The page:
The FemGuide: Issue 4

the vaginal microbiome, appetite across the cycle, and hormonal components of mental health

Hello and welcome to Issue 4 of The FemGuide - I can’t wait to share this one with you. Meanwhile, if you would like to share this with others, click the link below to do so! Otherwise, let’s get right to it. 

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Startups: Evvy and the value of the vaginal microbiome

I would like to introduce a company that is very near and dear to my heart: Evvy. Starting tomorrow, Evvy is inviting 500 women to get early access to their platform through this invite-only link. As the first hire at Evvy only eight months ago, I could not be more proud and excited.

Evvy’s first product is an at-home test that utilizes sequencing technology to help you understand and strengthen the defense of your vaginal microbiome. With an Evvy test, you can know what’s up down there, why it matters, and what to do about it.

Understanding the influence of the microbiome, and how to optimize it, is all the rage these days (at least in the scientific community). But the vaginal microbiome has been widely overlooked, despite an abundance of research demonstrating its importance for overall female health.

The composition of the vaginal microbiome (i.e. what bacteria, fungi, viruses, etc. are present) is the main determinant for protection from or susceptibility to infections such as bacterial vaginosis, yeast infections, UTIs, and more. 

Even as someone who researches female-specific problems for a living, I was shocked by the alarmingly high (and rising) rates of infection and recurrence. The symptoms of these infections can range from unwelcome to downright debilitating. Honestly, I don’t feel the need to describe this in depth because, statistically speaking, if you are female, you have almost certainly experienced this firsthand.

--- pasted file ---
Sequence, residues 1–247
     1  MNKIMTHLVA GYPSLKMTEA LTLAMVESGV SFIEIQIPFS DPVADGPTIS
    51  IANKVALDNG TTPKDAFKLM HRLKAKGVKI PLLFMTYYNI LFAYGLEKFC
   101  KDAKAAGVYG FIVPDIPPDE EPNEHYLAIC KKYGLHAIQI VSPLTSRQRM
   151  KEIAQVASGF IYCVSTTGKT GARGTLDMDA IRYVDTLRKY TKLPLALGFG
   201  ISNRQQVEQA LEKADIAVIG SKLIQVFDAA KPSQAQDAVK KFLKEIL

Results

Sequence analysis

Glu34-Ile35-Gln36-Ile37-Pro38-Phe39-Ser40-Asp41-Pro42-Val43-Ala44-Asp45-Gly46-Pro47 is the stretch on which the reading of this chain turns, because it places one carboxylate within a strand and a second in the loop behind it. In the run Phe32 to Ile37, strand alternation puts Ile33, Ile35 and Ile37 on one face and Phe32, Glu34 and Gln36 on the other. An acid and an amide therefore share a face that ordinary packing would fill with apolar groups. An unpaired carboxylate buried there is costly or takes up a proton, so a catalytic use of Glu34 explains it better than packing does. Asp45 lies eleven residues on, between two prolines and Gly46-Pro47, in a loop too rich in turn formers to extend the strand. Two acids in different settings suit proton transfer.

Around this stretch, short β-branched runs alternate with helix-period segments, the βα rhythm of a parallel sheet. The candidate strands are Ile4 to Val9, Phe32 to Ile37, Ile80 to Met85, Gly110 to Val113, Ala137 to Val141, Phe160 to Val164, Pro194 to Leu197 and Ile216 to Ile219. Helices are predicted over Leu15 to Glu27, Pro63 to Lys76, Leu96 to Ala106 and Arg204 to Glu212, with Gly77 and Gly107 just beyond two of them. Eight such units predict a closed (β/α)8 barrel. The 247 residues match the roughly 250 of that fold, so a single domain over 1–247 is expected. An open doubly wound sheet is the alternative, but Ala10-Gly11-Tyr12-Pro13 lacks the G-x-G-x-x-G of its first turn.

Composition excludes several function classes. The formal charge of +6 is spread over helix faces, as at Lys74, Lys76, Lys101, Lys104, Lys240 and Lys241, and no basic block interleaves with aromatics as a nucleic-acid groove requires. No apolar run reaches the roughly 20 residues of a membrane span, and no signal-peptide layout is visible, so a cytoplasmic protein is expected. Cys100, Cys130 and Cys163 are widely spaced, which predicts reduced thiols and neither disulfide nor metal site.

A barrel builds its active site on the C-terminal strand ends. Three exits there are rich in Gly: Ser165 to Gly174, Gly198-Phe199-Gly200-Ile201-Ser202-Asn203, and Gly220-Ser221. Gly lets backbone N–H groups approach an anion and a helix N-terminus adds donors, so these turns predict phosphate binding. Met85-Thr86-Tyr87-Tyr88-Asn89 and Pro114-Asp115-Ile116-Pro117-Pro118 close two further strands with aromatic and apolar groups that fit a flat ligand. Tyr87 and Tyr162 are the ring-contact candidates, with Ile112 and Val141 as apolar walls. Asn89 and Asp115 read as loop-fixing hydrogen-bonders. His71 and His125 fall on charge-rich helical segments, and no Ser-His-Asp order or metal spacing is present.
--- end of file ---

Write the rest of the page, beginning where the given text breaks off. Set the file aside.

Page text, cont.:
Furthermore, the main aspect that drove my own involvement is the overlooked connection between vaginal microbiome health and women’s health more broadly. The vaginal microbiome affects one’s risk of STIs, pelvic inflammatory disease, fertility issues, pregnancy complications, toxic shock syndrome, and potentially even certain cancers. Most concerning, an imbalanced microbiome can occur without symptoms, meaning that without testing, women have little way of knowing if this may be affecting them.

The great thing about the vaginal microbiome - as opposed to say, genetic testing - is that everything is modifiable. Once you are empowered with this knowledge, there are many ways to both track and improve the composition of your vaginal microbiome, providing a path for individuals to take control of their own health. I hope to one day see Evvy’s test utilized as a tool for routine assessment of vaginal health throughout one’s lifetime.

For first access to a test, use the link here which goes live tomorrow, June 7th. 

Science: Cycle-specific appetite changes